The concept of time travel has appealed to me since my childhood. I think a large part of my insatiable interest in history relates to the strong desire to know what it is like to live in a different era of the past or of the future.
01 October 2007
Time Travel to Mount Vernon
Have you ever wanted to travel back in time?
I was lucky enough to be able to get as close to time travel this weekend as current technology permits, by becoming a re-enactor at a large colonial-era event taking place at Mount Vernon this past weekend.
I read a lot about time travel in science fiction novels and avidly watched the British TV series Doctor Who, about a race of super-genius beings who harnessed the power to travel in time and space. The fact that the show is the longest-running and most-revived British television programme in the genre of science fiction tells me that there are other people out there who share my wacky hope that hurling through time aboard your TARDIS ship would be the ultimate adventure travel trip.
I had a gifted teacher for advanced placement U.S. history in high school who brought the past to life by having us read Civil War diaries, newspaper entries, court records, etc. All of a sudden history class was far more than merely a boring list of names, dates, and events to memorize in order to regurgitate on an exam. It was a powerful link to real people who lived, breathed, and once walked this earth. I strongly suspected that teacher was a Civil War re-enactor. The idea of re-enacting as a hobby grew in the 1960s and has taken many forms including renaissance faires, ethnic festivals and battle re-creations of many different periods.
All of this exposition is my confession that at last I have finally become what I long wanted to be -- a living historian instead of a book-learned historian. Museum educators who work on interpretation of historic sites like me have a natural edge when it comes to making the transition from academic historian to living history re-enactor. Many living history volunteers with whom I've had the pleasure to work over the past five years have been generous with knowledge and advice about what it takes to become a re-enactor. Members of the First Maryland Regiment have slowly turning my mind around to the possibility. Over time, they have become my friends and have shared their knowledge of eighteenth-century life with me. I have also met other museum professionals and colleagues who believe in the power to make history live through living history interpretation at historic sites.
You cannot imagine how intimidating the idea of becoming a living historian has been for me. You would think that someone who lives and breathes history and who also harbors this desire to become a re-enactor, would find the transition simple. Not so. History courses teach you nothing about how to wear five layers of clothing in summer weather; how to purchase your first set of stays (like a corset); where to go to buy accurate straight-lasted shoes; how to hold your posture differently if you are a common person than if you are a gentlewoman; or to speak like someone from out of the past. No, all of these things are not taught in graduate school.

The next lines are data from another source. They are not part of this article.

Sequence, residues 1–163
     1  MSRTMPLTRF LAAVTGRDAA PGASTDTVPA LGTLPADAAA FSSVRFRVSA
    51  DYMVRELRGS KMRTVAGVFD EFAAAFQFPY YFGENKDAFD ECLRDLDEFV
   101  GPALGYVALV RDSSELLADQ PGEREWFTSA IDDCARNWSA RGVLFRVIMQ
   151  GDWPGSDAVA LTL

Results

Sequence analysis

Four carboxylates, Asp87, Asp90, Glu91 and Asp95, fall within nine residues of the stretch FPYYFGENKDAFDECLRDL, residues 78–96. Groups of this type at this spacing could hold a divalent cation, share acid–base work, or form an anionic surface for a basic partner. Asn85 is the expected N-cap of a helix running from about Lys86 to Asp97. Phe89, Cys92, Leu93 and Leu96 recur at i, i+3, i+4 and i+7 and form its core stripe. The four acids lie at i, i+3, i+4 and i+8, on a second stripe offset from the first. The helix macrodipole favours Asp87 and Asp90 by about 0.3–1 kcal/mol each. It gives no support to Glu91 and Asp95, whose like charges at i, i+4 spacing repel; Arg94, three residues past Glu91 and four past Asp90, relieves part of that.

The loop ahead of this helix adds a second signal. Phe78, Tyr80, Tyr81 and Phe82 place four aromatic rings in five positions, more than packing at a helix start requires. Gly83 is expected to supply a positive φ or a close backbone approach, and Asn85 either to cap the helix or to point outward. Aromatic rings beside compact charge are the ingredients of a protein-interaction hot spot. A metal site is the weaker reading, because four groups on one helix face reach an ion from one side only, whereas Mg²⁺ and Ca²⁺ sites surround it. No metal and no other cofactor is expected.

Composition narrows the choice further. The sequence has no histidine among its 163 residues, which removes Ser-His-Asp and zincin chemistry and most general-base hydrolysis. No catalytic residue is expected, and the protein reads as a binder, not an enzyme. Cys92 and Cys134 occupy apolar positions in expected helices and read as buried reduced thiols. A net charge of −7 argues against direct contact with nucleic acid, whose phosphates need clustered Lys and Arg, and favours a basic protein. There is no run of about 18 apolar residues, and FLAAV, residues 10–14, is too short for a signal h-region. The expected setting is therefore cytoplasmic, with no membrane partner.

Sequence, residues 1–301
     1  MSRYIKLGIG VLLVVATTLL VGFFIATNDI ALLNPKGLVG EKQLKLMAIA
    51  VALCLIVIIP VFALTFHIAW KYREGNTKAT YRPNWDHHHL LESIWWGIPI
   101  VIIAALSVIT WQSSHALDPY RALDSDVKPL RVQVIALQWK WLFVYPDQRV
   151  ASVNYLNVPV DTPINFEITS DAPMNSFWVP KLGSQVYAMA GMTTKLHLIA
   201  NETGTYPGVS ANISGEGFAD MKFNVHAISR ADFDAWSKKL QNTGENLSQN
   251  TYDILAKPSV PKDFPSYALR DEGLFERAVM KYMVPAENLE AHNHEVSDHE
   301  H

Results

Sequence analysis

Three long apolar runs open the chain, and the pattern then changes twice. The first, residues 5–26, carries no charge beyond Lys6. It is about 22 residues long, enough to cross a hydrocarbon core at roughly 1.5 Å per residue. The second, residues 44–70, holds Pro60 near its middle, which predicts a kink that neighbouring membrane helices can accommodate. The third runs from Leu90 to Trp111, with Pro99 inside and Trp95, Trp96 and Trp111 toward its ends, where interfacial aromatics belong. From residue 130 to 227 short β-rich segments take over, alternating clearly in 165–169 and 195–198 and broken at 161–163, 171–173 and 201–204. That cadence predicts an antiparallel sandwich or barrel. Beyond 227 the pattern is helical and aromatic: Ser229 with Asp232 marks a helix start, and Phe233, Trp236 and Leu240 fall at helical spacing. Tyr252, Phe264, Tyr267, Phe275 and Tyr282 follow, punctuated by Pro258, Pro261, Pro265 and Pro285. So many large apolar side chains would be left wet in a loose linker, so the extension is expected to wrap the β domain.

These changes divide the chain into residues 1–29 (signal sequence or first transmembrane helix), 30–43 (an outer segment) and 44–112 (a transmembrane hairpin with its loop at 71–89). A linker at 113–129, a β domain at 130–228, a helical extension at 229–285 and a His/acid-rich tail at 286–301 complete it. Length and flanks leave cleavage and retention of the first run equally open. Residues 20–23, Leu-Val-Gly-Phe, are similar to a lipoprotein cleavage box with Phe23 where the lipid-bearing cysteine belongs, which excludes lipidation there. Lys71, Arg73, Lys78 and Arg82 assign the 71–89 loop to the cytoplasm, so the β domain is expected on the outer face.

I am lucky enough to have the benefit of friends from several living history organizations and experienced character interpreters who have provided me with advice and encouragement. They have taught me the practicalities and helped me to feel comfortable wearing historic attire as it is intended to be worn. They take all of my questions seriously and often share much research and re-enactor lore. Fortunately, my Girl Scout training did teach me something of surviving in a camp outdoors and cooking over a hearth. At least I was ready to cook when asked to help prepare the stew and spiced sweet potato and apple dishes.
It is difficult to find words to describe what camping out overnight at George Washington's Mount Vernon is like. Beneath a just-recently full moon, the bustling camp was lit in lantern- and fire-light as we finished putting up our tents on Friday night. The uppermost tower in the house was light all night and the great sword of the constellation Orion the Hunter hung above me as I woke before dawn for a stroll down the hill to the necessaries. The temperature was perfect for autumn camping.
In daylight hours, the encampment was filled to the brim with more 18th-century folk than tourists. Children played hide-and-seek and giggled with each other. Women cooked, baked, washed dishes, gossiped, and had afternoon tea with Lady Washington (Mary Wiseman) on the bowling green. Infantrymen, rifle sharpshooters, and artillery troops drilled and demonstrated their training to all assembled in the valley below camp. On Saturday evening the good folks at Mount Vernon allowed the parent re-enactor organization, The Continental Line, to hold a large party for all re-enactors to celebrate the Line's 20th anniversary. It's difficult to say but there could have been one thousand re-enactors taking part during the weekend's events, certainly from every one of the former 13 colonies. I met a lady from Massachusetts during the hearth-baking class and several folks from a New Jersey unit. All volunteers. All driving to Virginia on their own dime just for the chance to be a part of this event.
For two whole days, you might have stepped into another century as a visitors walking along the plantation's main pathways. You could stroll into camp and talk to folks, watch the military drills or interact with 18th century gentlefolk going for a stroll around the grounds. For two entire days I soaked up every minute of not sitting in front of a computer, not answering phone calls, not watching t.v., but rather just living in the moment. That moment ,with the fight for liberty hanging in the balance, seems all the more real when it's enacted before your eyes and you are part of it.